Do you want to dismiss the hopes of the people of Nicaragua for democracy? Do you want to leave in Nicaragua a permanent base for subversion, with the weakening of neighboring democracies that inevitably ensues? These are the questions the Reagan administration puts to its critics. They are hard but fair.

The start of an honest answer is to concede that the administration may be right. Whatever their complaints against others, the Sandinistas have not earned the trust of fair-minded people. They promised democracy and grabbed power. They have not left their neighbors alone. The administration has good claim for concern.

The notion that a negotiated solution is within reach, moreover, is not self-evident. Other instances of peace between Marxist and non-Marxist factions, each supported by a great power, are few and far between. Portugal, not a precise analogy, comes to mind, and then the mind wanders. There is probably more historical evidence behind the article of conservative faith that such compromises are not possible than there is behind the article of liberal faith that they are.

So a difficult burden of proof falls on those who think that the Sandinistas can yet be fitted into the pluralism- and-coexistence program of Contadora. This program was updated in the "Caraballeda message" that the foreign ministers of seven democratic Latin nations plus thug-ruled Panama brought to a disbelieving Secretary of State George Shultz last week.

Not all the administration's American critics accept that burden. Some carry a memory of American guilt in Central America; others believe in the Sandinista revolution; still others are fatigued by the whole argument and prefer Reagan-bashing.

But the Caraballeda 8 do accept that burden. They have to. For them it is not a matter of posturing, although for some it is partly that. They fear a whirlpool generated by great-power involvement in the region. Their frail societies are vulnerable to the mad currents whipping out of Central America. Their stake -- civil balance and the hope of progress -- overwhelms the American stake of geopolitical convenience and prestige, considerations that smaller countries, which necessarily live on the margin, see as luxuries of a great power.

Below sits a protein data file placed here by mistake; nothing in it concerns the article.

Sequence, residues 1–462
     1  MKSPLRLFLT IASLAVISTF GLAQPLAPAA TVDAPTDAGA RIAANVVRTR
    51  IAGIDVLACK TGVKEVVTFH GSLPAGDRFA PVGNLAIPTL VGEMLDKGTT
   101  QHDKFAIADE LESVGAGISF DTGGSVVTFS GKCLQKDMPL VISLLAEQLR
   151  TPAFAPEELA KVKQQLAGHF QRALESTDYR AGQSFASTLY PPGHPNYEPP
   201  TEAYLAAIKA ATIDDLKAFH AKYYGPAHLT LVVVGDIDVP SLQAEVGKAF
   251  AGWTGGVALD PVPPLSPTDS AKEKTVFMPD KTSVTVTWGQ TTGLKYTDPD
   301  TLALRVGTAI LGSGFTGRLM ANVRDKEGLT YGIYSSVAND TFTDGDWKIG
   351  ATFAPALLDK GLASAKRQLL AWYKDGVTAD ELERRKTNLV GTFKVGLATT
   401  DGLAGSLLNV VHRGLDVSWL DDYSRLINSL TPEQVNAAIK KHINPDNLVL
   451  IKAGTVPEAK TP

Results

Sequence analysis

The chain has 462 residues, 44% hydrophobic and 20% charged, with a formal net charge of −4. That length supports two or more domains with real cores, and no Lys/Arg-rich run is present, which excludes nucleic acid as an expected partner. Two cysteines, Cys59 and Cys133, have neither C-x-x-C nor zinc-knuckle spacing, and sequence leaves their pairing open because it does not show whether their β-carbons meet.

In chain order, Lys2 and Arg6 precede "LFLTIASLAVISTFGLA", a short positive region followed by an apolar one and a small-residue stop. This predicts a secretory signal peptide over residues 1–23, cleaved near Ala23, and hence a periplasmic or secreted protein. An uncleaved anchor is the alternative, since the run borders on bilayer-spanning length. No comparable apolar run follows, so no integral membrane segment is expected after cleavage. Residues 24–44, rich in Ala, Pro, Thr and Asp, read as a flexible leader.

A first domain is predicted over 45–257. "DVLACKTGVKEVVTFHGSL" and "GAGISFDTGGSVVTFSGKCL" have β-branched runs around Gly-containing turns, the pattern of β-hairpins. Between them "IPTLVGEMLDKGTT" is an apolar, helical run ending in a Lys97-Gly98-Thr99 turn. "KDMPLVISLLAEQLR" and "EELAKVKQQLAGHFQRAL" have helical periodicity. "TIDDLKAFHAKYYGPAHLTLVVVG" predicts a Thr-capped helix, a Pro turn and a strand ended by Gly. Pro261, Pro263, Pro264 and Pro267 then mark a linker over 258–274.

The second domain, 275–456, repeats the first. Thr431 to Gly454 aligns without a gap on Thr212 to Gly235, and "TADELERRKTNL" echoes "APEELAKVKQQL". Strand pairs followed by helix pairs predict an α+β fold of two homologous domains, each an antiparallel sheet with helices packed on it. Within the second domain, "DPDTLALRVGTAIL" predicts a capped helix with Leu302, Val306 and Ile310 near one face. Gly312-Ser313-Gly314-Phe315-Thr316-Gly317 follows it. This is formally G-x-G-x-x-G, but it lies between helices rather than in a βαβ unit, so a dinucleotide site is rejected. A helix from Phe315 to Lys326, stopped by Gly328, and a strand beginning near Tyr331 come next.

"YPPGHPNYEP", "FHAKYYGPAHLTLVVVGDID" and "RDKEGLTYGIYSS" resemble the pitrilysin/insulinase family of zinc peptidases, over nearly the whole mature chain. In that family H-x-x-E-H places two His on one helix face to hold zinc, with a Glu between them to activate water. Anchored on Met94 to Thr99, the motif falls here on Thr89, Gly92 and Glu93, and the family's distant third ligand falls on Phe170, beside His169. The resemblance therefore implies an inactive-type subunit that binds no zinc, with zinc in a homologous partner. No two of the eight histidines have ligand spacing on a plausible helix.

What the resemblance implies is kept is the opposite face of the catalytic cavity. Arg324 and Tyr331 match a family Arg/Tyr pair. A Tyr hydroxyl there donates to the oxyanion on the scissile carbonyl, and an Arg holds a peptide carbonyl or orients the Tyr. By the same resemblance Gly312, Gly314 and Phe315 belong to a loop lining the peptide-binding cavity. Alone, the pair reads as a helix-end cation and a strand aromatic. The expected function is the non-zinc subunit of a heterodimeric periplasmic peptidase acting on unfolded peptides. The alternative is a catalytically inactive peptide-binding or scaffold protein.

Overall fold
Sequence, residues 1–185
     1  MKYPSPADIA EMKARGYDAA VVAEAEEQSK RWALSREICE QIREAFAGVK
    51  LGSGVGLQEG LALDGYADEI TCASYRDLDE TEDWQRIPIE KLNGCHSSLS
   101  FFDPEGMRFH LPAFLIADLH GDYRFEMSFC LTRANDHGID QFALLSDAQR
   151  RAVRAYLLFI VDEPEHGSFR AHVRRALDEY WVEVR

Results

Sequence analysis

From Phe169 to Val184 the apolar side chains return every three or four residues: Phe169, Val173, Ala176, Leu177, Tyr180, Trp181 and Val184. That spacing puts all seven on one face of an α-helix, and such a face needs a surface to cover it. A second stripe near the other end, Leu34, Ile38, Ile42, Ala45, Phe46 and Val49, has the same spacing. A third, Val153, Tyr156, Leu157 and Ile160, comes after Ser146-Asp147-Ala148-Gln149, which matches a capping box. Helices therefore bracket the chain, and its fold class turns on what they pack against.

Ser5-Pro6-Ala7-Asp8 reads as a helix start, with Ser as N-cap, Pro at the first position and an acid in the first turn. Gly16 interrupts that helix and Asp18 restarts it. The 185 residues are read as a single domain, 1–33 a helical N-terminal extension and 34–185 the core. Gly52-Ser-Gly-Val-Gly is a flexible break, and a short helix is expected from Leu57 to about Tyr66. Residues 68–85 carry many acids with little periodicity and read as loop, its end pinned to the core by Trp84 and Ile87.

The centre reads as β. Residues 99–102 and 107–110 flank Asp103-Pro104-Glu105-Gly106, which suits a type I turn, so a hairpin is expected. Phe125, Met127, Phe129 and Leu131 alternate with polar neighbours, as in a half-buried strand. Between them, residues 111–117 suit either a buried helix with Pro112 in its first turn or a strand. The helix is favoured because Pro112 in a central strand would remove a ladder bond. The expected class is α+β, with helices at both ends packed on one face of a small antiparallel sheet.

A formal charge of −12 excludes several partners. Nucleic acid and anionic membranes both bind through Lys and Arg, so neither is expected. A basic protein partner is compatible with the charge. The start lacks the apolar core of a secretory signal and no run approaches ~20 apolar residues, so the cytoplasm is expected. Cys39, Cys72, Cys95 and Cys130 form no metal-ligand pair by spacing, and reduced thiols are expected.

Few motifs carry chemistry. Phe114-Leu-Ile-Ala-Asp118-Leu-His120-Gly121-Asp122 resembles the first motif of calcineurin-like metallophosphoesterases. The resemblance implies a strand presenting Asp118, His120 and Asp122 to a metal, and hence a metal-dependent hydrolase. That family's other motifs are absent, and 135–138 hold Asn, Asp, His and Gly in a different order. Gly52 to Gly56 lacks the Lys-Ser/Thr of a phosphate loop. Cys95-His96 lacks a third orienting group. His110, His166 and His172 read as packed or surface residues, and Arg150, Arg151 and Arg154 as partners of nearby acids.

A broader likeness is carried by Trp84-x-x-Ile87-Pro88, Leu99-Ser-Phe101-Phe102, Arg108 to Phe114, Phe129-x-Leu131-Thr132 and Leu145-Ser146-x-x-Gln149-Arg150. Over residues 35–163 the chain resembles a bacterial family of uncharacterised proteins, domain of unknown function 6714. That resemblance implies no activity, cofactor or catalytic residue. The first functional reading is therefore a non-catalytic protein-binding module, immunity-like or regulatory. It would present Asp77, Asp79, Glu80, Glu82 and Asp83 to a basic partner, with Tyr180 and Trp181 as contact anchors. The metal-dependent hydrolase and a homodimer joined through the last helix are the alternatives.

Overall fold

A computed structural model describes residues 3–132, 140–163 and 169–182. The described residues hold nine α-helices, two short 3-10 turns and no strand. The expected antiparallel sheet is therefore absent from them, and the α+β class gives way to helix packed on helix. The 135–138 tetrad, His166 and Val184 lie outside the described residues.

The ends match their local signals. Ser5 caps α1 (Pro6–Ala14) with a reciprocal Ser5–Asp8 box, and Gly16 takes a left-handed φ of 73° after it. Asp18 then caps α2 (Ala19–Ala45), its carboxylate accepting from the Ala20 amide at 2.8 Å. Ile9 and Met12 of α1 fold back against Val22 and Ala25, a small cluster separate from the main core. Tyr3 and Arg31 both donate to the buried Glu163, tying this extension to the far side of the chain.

So while the administration focuses on support of the contras, the Caraballeda 8's softer line stresses smothering the combatants in a Latin political dialogue, counting on their shared Latin heritage to cut through Sandinista paranoia and rigidity, and promoting talks -- internal, regional and, most urgently, between Managua and Washington.

The thought nags the administration that the Latins are too soft to look Nicaraguan totalitarian rule in the eye. Officials fear that the Latins are letting Nicaragua hide behind the hemispheric standard of noninterference (meaning noninterference by the United States) and that the Latins do not intend to hold Managua to the companion standard of self-determination -- setting up a political system that the "population as a whole freely decides upon."

This is the Reagan administration's implicit rationale for resisting the Latins' common pleading and going forward with its own solitary policy. For all the Central Americans, including Nicaragua, support the Caraballeda appeal. Notwithstanding the wars in Nicaragua and El Salvador, Central Americans are finding increasing occasions to talk with each other. The United States is holding itself aloof from a consultation that the Central American countries most directly threatened, and the other Latin countries most indirectly threatened, urge it to join.

The administration believes it is saving the Latins from themselves. They have better reason to believe they are showing the United States the way to avoid a policy disaster.

The immediate question is whether its difficulties on the home front may incline the Reagan administration to listen more closely. Now in its sixth year, it has so far failed to persuade most Americans either that the Sandinistas represent an intolerable menace or that the contras represent a moral imperative. The support it has been able to mobilize for the contras has not brought the reconciliation it says it pursues or any real prospect of military victory. The bottom may not be dropping out, but it's not going to be easily raised either.

Measuring this threat, Reagan promises to "go all out" for a level of military aid to the contras four times as great as the "humanitarian" aid being supplied now. An all-or-nothing challenge to Congress is contemplated. But it takes the president in the wrong direction. He should be letting the Latins show him how to accomplish his own worthy goals.